David C. Smith | Newswise Science News
Further information:
http://www.virginia.edu

More articles from Studies and Analyses:

nachricht Win-win strategies for climate and food security
02.10.2017 | International Institute for Applied Systems Analysis (IIASA)

nachricht The personality factor: How to foster the sharing of research data
06.09.2017 | ZBW – Leibniz-Informationszentrum Wirtschaft

All articles from Studies and Analyses >>>

The most recent press releases about innovation >>>

Die letzten 5 Focus-News des innovations-reports im Überblick:

Im Focus: Salmonella as a tumour medication

HZI researchers developed a bacterial strain that can be used in cancer therapy

Salmonellae are dangerous pathogens that enter the body via contaminated food and can cause severe infections. But these bacteria are also known to target...

Im Focus: Neutron star merger directly observed for the first time

University of Maryland researchers contribute to historic detection of gravitational waves and light created by event

On August 17, 2017, at 12:41:04 UTC, scientists made the first direct observation of a merger between two neutron stars--the dense, collapsed cores that remain...

Im Focus: Breaking: the first light from two neutron stars merging

Seven new papers describe the first-ever detection of light from a gravitational wave source. The event, caused by two neutron stars colliding and merging together, was dubbed GW170817 because it sent ripples through space-time that reached Earth on 2017 August 17. Around the world, hundreds of excited astronomers mobilized quickly and were able to observe the event using numerous telescopes, providing a wealth of new data.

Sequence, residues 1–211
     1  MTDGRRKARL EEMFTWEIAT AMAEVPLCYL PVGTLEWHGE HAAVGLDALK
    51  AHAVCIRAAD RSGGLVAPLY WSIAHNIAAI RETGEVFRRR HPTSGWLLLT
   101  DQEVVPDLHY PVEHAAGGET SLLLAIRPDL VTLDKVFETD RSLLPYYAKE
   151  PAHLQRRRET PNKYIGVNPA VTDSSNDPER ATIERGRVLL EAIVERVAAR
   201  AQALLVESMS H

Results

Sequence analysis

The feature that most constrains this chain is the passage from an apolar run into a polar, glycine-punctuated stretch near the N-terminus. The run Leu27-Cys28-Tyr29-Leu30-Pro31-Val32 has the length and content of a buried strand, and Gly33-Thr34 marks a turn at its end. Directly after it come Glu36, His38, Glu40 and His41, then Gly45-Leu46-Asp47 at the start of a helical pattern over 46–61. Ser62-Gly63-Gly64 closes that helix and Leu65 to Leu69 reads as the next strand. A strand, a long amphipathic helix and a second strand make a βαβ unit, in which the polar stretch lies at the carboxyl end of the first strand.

Previous detections of gravitational waves have all involved the merger of two black holes, a feat that won the 2017 Nobel Prize in Physics earlier this month....

Im Focus: Smart sensors for efficient processes

Material defects in end products can quickly result in failures in many areas of industry, and have a massive impact on the safe use of their products. This is why, in the field of quality assurance, intelligent, nondestructive sensor systems play a key role. They allow testing components and parts in a rapid and cost-efficient manner without destroying the actual product or changing its surface. Experts from the Fraunhofer IZFP in Saarbrücken will be presenting two exhibits at the Blechexpo in Stuttgart from 7–10 November 2017 that allow fast, reliable, and automated characterization of materials and detection of defects (Hall 5, Booth 5306).

When quality testing uses time-consuming destructive test methods, it can result in enormous costs due to damaging or destroying the products. And given that...

Im Focus: Cold molecules on collision course

Using a new cooling technique MPQ scientists succeed at observing collisions in a dense beam of cold and slow dipolar molecules.

How do chemical reactions proceed at extremely low temperatures? The answer requires the investigation of molecular samples that are cold, dense, and slow at...

All Focus news of the innovation-report >>>

Anzeige

Anzeige

Event News

3rd Symposium on Driving Simulation

23.10.2017 | Event News

ASEAN Member States discuss the future role of renewable energy

17.10.2017 | Event News

World Health Summit 2017: International experts set the course for the future of Global Health

10.10.2017 | Event News

 
Latest News

Microfluidics probe 'cholesterol' of the oil industry

23.10.2017 | Life Sciences

Gamma rays will reach beyond the limits of light

23.10.2017 | Physics and Astronomy

The end of pneumonia? New vaccine offers hope

23.10.2017 | Health and Medicine

VideoLinks
B2B-VideoLinks
More VideoLinks >>>